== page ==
Residential schools

B.C. hospital worker allegedly told to take off orange shirt Indigenous children

Employee for housekeeping company contracted out by Fraser Health posted about incident on TikTok

In a video posted to TikTok on Monday (May 31), a worker at Surrey Memorial Hospital said she was told to change out of her orange shirt that she wore in honour of the 215 Indigenous children whose remains were recently discovered at a former residential school site in Kamloops. (Photo: Felicia Debbie/TikTok)

In a video posted to TikTok on Monday (May 31), a worker at Surrey Memorial Hospital said she was told to change out of her orange shirt that she wore in honour of the 215 Indigenous children whose remains were recently discovered at a former residential school site in Kamloops. (Photo: Felicia Debbie/TikTok)

WARNING: This article contains details that some may find distressing.

A company contracted out by the Fraser Health Authority has reportedly apologized to one of its employees after a woman says she was told to take off the orange shirt she was wearing in honour of the 215 Indigenous children whose remains were found at a former residential school in Kamloops.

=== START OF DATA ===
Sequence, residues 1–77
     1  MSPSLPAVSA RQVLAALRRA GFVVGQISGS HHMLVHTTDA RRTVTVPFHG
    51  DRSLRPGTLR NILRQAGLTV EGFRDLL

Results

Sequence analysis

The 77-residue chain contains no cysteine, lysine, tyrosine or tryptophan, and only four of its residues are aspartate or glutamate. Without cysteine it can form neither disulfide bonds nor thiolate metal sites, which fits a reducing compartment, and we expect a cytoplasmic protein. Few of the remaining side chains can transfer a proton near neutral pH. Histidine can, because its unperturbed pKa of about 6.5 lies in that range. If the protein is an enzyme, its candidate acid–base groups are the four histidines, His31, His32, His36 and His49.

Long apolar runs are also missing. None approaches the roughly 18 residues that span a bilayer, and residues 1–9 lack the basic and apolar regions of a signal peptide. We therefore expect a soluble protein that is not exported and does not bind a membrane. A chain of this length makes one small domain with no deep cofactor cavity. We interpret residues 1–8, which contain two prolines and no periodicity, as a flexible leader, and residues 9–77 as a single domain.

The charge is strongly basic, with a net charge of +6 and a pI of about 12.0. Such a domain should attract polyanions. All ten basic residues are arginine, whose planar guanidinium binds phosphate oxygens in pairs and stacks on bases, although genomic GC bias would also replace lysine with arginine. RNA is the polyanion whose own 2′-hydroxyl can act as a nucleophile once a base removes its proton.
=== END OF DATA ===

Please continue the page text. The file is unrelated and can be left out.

In a TikTok video posted by user felicia_debbie Monday (May 31), which has garnered more than 11,300 views, the woman said she wore her orange shirt to work at Surrey Memorial Hospital and was told to change.

“So I said, ‘No’ and they said, ‘Take it off.’ I said, ‘No, it stays on. If I can’t wear it, I’m going home.’ So I left work,” she says in the video.

@felicia_debbie

##215 ##residentialschool a topic i will not fight over

♬ original sound – Felicia Debbie

Orange Shirt Day, which is Sept. 30 each year, was part of a legacy project to commemorate the residential school experience, with the slogan “Every Child Matters.”

In the days since the Tk’emlúps te Secwépemc First Nation confirmed there were remains of at least 215 Indigenous children at the site of a former residential school in Kamloops, people have worn orange shirts in honour of the children.

Chief Rosanne Casimir of the Tk’emlúps te Secwépemc First Nation said the remains of the children, some believed to be as young as three, were confirmed with the help of ground-penetrating radar.